US economy

The fraught debate about the nature of China

Diligent Swampians might recall that in my last Swamp Notes I took up cudgels against those who compare China to Nazi Germany. Though I did not name the person who triggered my note, he requested the right of reply. He is Matt Stoller, a fellow at the Washington-based Open Markets Institute, and author of the forthcoming book, Goliath: The 100-Year War Between Monopoly Power and Democracy.

Here is Matt’s response:

“While analogies to Nazi Germany have been used many times to excuse foolish foreign policy choice, China truly is that dangerous. I compared the [Chinese Communist party] to the Nazis in 1935. Here’s why.

“In 1935 the Nazis had only a small network of concentration camps. The CCP has already placed millions of Uighurs in re-education camps as part of a nationalistic project of ethnic cleansing. The Nazis regularly threatened war as an instrument of policy; the Chinese do so against Taiwan. The Nazis encouraged fascist parties abroad; China exports totalitarian surveillance systems globally. And just as the stabbed in the back narrative justified Adolf Hitler’s seizure of power, China’s ‘century of humiliation’ is nationalistic mythos imposed after Tiananmen Square to support authoritarian rule.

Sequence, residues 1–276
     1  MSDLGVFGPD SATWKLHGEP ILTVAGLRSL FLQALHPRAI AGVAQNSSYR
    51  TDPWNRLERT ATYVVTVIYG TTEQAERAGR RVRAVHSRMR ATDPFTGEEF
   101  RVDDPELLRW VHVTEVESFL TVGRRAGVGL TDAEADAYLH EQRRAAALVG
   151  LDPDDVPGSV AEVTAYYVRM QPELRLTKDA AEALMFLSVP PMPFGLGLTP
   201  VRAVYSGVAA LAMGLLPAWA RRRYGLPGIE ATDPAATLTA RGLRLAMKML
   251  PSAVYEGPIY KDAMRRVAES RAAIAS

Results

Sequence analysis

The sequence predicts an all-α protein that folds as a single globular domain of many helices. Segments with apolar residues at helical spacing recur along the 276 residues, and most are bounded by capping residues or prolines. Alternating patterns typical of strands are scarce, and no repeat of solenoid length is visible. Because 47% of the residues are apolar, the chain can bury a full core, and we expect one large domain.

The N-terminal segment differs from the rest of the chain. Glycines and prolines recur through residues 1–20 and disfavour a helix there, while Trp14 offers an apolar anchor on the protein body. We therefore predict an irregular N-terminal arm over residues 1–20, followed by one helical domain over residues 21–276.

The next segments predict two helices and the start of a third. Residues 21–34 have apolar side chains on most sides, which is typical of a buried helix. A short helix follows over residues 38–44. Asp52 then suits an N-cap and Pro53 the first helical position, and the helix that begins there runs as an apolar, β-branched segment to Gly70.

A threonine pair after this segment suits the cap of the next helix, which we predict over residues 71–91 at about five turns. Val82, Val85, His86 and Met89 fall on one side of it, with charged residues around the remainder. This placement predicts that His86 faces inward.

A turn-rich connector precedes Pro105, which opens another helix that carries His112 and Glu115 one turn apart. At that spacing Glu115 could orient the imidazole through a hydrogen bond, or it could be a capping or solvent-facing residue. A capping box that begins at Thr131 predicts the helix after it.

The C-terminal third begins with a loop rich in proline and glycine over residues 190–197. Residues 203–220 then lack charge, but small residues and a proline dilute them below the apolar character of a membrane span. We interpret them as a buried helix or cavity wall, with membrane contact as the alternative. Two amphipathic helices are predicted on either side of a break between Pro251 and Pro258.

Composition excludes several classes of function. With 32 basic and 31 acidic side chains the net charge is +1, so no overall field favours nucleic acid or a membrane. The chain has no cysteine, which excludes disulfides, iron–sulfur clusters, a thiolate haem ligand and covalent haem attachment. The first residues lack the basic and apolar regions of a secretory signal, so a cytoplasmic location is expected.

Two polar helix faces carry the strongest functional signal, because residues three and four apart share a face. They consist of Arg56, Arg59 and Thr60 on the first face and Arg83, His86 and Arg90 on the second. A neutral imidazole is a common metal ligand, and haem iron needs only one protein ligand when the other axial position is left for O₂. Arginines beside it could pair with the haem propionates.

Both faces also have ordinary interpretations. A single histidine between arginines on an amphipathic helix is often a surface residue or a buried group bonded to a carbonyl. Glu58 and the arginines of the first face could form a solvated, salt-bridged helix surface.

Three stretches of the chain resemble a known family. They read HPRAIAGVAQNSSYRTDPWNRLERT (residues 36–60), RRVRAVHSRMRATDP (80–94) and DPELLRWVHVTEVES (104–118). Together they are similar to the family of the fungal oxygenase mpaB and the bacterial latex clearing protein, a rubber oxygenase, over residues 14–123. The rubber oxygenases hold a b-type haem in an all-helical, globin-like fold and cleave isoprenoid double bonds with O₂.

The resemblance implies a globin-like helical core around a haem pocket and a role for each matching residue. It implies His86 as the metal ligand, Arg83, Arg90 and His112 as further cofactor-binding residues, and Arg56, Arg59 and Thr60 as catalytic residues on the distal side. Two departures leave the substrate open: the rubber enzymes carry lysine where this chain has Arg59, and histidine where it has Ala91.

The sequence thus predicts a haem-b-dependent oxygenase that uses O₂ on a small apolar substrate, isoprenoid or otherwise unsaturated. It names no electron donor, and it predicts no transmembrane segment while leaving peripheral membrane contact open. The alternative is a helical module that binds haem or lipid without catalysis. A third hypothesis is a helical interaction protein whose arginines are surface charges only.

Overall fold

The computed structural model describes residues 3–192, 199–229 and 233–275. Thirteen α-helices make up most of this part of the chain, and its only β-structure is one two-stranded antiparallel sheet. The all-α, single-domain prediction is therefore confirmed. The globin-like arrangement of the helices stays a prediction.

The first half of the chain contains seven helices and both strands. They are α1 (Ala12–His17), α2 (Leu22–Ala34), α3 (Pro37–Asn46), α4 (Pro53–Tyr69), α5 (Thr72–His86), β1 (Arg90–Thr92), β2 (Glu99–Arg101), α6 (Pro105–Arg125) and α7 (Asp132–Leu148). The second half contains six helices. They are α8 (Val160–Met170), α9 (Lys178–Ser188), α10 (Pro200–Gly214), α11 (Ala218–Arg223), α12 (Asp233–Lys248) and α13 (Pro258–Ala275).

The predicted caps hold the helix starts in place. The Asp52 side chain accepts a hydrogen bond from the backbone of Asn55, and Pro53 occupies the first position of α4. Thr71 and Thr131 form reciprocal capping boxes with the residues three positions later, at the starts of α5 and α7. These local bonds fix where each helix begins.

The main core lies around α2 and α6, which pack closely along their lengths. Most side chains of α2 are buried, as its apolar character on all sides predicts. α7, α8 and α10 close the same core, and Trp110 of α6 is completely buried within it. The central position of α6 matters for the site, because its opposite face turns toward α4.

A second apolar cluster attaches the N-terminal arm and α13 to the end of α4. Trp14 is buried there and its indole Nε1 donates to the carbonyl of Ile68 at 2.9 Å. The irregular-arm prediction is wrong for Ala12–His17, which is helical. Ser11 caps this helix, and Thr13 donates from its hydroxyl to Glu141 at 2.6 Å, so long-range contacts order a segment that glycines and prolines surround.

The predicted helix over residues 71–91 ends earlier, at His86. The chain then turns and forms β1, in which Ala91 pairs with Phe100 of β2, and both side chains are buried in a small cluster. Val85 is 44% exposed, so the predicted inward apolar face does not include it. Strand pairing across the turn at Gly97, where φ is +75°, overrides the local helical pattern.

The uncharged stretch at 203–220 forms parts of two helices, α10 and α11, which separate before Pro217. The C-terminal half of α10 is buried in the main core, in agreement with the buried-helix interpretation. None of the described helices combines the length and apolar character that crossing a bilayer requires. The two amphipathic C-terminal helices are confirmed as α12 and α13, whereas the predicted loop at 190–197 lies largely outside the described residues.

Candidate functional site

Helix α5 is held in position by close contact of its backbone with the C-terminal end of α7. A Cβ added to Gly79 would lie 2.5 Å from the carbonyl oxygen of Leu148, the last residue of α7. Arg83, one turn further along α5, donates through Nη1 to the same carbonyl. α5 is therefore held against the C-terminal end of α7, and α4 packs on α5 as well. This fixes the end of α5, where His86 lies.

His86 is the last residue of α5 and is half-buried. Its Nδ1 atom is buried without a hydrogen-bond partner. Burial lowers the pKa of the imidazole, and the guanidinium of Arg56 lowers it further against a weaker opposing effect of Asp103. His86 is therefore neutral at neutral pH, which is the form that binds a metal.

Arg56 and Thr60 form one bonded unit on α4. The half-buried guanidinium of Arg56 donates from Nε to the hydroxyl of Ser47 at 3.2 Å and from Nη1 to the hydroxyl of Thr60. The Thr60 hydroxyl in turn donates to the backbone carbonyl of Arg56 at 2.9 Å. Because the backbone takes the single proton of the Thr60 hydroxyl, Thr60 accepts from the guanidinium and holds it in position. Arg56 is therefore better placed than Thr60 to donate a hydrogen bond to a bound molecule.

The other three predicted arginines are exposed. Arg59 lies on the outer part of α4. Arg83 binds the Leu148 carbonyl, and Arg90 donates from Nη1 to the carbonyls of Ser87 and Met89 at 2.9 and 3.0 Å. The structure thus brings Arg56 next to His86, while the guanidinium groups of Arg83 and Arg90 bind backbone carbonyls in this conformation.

“China, like the fascists of the 1930s, intertwined its political, military and business sectors. It steals technology and moves it to its private sector. It also strategically exploits its market power. China uses its large movie market to shape Hollywood and western media. As a show of power in 2014, China forced executives from the largest western companies to engage in Maoist self-confessions.